When Los Angeles designer Natasha Baradaran began her career, she thought versatility was the greatest achievement. But when she summoned the confidence to embrace—and commit to—her own point of view, her business catapulted forward.
As you look back, what changes did you need to make in your business to truly achieve success?
I started my career in hospitality about 25 years ago, when there was a different design guard. I was lucky to work in a fairly big Dallas-based office, Wilson and Associates—they’ve closed down now, but at the time, they had about 35 people and they were one of the big hospitality design firms. I was an apprentice for the designers who did The Peninsula Beverly Hills and Montage Laguna Beach. My main project was The Mansion at the MGM Grand in Las Vegas, which cost the most per square foot anyone had ever spent in hospitality at the time. Beyond being exposed to people who I think were true masters, I learned through those experiences that being a good interior designer means that you can do whatever the client says they want.
When I left the firm, there was a Tuscan and Mediterranean aesthetic here in Los Angeles, and I could do that. I was hired to design an Asian contemporary home in Montecito, and I could do that. It was wonderful, and my business saw steady growth. Then, about 10 years ago, I began working with [Los Angeles–based design talent agent] Sean Yashar when I was thinking about starting a furniture collection. One of the first things he said to me was, “You seem like you’re talented, and you are seeing incremental growth. But if you really want to go where you want to go—I don’t know what you’re all about. Like, what is it that you do? What is your signature?” It was shocking, because I was so proud that I could be all things to all people.
How did that moment start to shift your perspective?
I kept thinking, “How could I be in this business—for 15 years at that point—and not be able to answer that question?” He suggested that I try making six pieces that define who I am, and to think of it as a capsule collection. If it worked, great. And if not, I’d put them in my house because they would be what I liked anyway. It was an aha moment, and for the first time I created things that were not in the marketplace.
What those six pieces did was take the training wheels off. If you don’t have a client, an architect or a budget, you can’t blame any of those things. It’s just your true, authentic self. For me, it was about exploring materiality without parameters, and really looking at furniture as being more sculptural. The showrooms really liked the pieces. But more than that, I suddenly knew that I needed to bring my own voice into my designs—and maybe not everyone would like it, and that was OK. Everything changed once I was passionate about my firm’s point of view—when I stood out and said, “This is what I can do.” Clients with big projects who wanted my perspective started to fall in my lap, and my business completely turned.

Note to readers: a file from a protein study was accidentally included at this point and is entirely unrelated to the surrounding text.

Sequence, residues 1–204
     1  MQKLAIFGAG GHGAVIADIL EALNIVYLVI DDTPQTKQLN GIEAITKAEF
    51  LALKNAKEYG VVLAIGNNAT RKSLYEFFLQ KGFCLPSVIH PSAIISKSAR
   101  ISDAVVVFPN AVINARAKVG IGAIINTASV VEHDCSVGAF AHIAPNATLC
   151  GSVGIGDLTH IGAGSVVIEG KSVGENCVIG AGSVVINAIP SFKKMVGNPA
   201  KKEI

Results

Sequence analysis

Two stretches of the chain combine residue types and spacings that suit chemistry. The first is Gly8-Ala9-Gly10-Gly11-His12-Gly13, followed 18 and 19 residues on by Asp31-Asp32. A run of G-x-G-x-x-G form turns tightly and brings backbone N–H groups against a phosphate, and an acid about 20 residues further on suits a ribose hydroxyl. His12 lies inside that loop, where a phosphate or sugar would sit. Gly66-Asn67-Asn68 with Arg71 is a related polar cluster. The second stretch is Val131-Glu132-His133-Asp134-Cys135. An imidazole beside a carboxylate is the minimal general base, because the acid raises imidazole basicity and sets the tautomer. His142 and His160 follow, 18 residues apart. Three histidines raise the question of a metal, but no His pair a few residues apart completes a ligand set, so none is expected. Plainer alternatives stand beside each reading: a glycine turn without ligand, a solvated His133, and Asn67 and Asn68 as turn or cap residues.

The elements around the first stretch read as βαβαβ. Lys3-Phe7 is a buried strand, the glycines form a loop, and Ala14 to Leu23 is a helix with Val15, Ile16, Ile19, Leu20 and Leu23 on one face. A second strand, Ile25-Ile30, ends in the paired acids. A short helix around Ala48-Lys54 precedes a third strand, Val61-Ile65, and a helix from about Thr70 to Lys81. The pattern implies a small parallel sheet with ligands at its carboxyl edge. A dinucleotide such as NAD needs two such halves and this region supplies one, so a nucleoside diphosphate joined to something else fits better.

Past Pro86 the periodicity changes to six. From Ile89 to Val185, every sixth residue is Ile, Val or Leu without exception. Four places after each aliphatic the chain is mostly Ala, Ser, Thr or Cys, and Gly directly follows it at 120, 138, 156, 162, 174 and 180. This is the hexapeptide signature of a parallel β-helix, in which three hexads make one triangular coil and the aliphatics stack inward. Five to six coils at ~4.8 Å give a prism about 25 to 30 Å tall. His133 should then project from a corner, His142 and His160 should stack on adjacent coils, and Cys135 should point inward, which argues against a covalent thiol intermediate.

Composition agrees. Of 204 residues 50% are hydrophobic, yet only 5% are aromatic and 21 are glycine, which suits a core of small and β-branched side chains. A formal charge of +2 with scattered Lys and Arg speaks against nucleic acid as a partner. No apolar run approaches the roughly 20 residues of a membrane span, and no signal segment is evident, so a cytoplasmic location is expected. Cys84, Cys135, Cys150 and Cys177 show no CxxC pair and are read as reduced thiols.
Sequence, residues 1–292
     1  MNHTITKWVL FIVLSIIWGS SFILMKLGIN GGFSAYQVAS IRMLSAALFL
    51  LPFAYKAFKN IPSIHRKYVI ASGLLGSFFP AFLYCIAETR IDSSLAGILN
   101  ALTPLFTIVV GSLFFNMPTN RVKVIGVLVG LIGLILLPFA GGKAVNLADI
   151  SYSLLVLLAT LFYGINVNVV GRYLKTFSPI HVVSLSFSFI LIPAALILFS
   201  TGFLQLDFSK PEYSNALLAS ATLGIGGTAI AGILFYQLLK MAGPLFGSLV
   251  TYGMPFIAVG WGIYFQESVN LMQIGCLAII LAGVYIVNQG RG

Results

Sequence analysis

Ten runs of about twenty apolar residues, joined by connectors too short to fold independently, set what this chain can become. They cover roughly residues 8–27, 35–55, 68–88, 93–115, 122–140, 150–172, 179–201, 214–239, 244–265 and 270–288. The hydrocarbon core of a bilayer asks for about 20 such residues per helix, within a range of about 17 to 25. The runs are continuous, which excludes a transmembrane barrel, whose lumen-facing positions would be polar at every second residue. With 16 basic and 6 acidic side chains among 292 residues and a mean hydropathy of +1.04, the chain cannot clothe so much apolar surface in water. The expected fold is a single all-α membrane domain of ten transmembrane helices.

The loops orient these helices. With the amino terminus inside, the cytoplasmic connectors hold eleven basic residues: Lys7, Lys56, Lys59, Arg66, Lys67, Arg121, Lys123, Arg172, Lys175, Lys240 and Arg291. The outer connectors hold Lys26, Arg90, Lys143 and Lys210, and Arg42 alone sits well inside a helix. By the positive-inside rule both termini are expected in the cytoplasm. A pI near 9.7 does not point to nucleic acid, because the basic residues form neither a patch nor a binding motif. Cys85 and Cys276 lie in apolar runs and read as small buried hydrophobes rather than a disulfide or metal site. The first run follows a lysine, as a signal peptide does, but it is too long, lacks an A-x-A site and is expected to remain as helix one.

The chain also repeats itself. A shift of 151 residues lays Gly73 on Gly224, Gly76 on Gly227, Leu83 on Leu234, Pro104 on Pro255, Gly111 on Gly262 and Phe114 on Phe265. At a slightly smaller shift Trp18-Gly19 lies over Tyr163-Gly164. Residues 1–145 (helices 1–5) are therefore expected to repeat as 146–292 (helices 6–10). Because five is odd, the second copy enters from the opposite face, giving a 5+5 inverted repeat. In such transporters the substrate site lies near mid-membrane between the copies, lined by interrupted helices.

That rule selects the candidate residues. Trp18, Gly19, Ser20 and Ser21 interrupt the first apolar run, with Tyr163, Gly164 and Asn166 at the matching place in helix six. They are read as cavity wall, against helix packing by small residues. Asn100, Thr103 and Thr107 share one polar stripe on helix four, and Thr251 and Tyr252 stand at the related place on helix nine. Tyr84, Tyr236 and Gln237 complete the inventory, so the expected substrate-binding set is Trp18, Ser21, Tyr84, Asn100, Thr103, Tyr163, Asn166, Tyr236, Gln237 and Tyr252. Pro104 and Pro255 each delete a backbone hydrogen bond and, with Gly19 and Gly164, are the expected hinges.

Could you have gotten there without Sean asking you what you were about?
No. When he said that to me, I was like, “What do you mean?” But the fact that I was having a hard time answering the question meant something. Sometimes I think you can be [so deep] in it—day in, day out, we’re all working so hard and at such a fast pace, just trying to get through he project with a happy client. To see it in a new way was transformative for me.
How did you strip away all of the things that you knew how to do well to find your own point of view?
It was really a self-confidence thing. At the time I was almost 40, and I was really coming into my own as a woman. Instead of worrying so much—like, “Are they going to love every single thing?”—I started trusting that if I pull these things together, they’re going to love the end product. I focused more on the big-picture view rather than thinking, “They have to love the trim on this pillow,” or the chair finish, or what have you. And they were happy. How did you know you were on the right track? It really came from the furniture collection being so well received. I was represented in L.A., Dallas, Chicago and New York from the get-go, and in really great showrooms, even with just six pieces. Then I started to see designers I really respect, like Michael Smith and Ken Fulk, who, when they could choose anything, were appreciating my point of view. I remember thinking, “OK, why do I need this validation?” But for some reason, I did. It helped me see that I should trust my voice.I know it’s hard for younger designers to have that confidence—especially because many of them are self-funded like I am. It’s not like someone gave me something to start it up, or that any of my product lines are licensed. They all come from me. It’s very hard to take risks when you’re working that way—to think, “I’m a little different. Is anyone going to get it?” But once I started going down that path and getting some initial success, that really snowballed for me.
Homepage image: In this project, sleek architectural details pair seamlessly with a sofa and bench from the Los Angeles–based designer’s collection | Courtesy of Roger Davies